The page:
Green Gold and Granite by Wendy Hall, a background to Finland.
Kalevala, in two volumes, by Elias Lonnrot, translated by W.F. Kirby, this is a Finnish national epic and it is written in poetic form.
Seven Brothers by Aleksis Kivi, the story of seven brothers growing up wild on their farm in Southern Finland. It is a story mingled with humor and pathetic events that illustrate the plucky Finnish character often described as "sisu."
The Unknown Soldier by Vaino Linna, translated from the Finnish, this is one of the outstanding contemporary war novels that has been described as "tough and realistic."
Who are the Finns? by R.E. Burnham, this describes well the history of the Finnish language and race.
SISU by Austin Goodrich, a short modern history of Finland.

Finns and Education

I've recently learned over the course of the last year that, interestingly enough, Finland is actually renowned for their schools. I read an article about six months ago explaining that Finns have been leading by the world's educational measures and that it was due to their natural balance of academics and recreation, not pushing lots of homework, not replacing quality with quantity and in general not burning out students by pushing them too hard. I find this fascinating because it rings so true to some of my own personal reasons for homeschooling!! Here is another article about this topic, suggesting that another reason Finland is successful in education is because they are allowed to be liberal in their choice of material (not "liberal" in content, but liberal in variety.) Article. This also rings very true to me and my joy in an eclectic curriculum. All in all, I have to say, it's great being a Finn!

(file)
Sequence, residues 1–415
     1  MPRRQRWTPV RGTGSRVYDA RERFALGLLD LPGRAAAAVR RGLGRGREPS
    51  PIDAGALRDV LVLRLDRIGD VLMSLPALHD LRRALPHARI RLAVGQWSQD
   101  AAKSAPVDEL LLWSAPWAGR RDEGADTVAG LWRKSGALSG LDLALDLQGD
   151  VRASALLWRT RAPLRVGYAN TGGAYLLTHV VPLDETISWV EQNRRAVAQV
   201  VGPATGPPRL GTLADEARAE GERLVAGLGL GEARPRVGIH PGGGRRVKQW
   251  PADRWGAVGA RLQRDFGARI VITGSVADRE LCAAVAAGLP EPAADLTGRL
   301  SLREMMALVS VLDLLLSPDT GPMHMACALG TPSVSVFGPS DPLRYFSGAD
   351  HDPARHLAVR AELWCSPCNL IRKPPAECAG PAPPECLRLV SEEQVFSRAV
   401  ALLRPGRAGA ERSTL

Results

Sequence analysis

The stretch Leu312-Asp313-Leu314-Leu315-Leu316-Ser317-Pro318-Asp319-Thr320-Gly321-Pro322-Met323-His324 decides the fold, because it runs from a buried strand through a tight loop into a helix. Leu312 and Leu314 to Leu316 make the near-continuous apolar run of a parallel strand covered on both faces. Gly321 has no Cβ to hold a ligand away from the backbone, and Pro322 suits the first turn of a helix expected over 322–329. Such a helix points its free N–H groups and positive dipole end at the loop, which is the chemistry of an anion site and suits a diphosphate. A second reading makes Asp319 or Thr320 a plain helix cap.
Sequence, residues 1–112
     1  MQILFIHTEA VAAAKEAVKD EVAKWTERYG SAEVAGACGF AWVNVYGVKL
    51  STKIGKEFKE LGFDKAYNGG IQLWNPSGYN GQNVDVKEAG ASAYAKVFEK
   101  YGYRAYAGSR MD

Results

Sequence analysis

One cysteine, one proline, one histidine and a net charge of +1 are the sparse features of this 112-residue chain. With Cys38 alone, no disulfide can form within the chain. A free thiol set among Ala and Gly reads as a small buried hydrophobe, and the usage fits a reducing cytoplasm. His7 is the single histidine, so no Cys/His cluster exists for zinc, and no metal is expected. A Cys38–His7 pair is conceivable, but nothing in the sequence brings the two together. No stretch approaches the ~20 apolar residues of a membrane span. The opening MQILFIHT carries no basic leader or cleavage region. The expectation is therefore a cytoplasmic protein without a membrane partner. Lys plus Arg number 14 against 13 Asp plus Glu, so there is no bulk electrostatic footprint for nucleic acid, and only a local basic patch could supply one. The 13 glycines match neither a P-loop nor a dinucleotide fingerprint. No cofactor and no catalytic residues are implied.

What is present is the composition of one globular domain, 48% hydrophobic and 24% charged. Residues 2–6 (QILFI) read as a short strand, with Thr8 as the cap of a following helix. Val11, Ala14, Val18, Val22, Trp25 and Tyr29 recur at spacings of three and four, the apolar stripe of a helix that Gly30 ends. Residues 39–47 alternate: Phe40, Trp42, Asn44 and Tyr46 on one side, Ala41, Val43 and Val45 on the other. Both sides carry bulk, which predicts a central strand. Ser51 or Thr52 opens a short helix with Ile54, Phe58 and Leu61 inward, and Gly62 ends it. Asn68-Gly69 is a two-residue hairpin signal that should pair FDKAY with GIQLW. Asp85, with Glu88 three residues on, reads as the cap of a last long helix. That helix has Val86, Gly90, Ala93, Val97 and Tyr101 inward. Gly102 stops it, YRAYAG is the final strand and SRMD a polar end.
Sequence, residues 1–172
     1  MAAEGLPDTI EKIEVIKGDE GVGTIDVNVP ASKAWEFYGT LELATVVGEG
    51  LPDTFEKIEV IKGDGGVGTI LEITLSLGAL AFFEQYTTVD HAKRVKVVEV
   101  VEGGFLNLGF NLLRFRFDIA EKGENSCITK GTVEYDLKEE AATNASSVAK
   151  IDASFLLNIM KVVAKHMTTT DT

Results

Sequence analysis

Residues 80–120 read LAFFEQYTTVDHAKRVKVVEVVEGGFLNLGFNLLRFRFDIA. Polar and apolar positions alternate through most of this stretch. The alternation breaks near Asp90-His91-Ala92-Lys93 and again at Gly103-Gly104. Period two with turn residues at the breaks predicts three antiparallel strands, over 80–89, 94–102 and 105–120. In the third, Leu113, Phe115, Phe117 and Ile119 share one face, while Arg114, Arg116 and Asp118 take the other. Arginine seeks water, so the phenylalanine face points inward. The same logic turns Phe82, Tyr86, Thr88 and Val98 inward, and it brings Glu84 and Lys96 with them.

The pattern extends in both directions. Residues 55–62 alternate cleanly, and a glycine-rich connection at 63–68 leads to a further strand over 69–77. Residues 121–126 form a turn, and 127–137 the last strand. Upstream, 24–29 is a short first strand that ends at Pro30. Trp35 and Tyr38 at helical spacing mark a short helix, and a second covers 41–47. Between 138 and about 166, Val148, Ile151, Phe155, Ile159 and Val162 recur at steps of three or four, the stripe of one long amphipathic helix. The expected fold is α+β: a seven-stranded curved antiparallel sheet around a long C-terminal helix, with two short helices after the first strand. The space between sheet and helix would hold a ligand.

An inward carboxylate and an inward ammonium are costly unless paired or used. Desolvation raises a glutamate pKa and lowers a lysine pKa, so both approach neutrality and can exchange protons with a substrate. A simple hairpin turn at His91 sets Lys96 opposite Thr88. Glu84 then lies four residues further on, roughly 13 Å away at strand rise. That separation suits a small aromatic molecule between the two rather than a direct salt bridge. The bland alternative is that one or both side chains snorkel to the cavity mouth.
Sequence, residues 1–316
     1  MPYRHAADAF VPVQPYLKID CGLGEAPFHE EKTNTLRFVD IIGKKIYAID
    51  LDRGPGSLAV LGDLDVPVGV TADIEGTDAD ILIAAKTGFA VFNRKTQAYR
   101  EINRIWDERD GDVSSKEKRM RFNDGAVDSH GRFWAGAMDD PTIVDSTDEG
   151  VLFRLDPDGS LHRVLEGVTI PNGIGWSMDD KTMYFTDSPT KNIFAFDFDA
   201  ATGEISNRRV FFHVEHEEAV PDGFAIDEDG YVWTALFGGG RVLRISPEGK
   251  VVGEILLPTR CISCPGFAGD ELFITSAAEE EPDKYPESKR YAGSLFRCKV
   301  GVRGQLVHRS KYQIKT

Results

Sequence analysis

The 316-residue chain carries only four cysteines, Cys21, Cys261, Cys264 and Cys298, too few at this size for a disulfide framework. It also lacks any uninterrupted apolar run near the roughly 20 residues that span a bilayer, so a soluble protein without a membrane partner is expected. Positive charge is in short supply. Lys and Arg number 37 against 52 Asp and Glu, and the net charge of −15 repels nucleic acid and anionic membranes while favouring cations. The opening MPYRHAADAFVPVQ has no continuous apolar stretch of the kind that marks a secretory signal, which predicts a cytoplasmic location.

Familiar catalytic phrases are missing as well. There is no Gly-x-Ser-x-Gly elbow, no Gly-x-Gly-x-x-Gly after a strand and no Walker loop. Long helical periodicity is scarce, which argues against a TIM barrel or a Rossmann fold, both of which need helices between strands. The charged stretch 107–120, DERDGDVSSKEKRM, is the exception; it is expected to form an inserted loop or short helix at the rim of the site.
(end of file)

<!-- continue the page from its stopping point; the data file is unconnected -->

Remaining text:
Juhannus is a celebration of Mid-summer, usually falls around Father's Day weekend, and is celebrated by bonfires and cabin vacations. We traditionally go camping during this time. It's a casual cheers to summer solstice typically celebrated near lakes in the countryside. Like other aspects of my heritage, it was another tradition I grew up with that I didn't connect to being Finnish until adulthood. (Ahh, so that's why I love the first bonfires of the season so much. ;))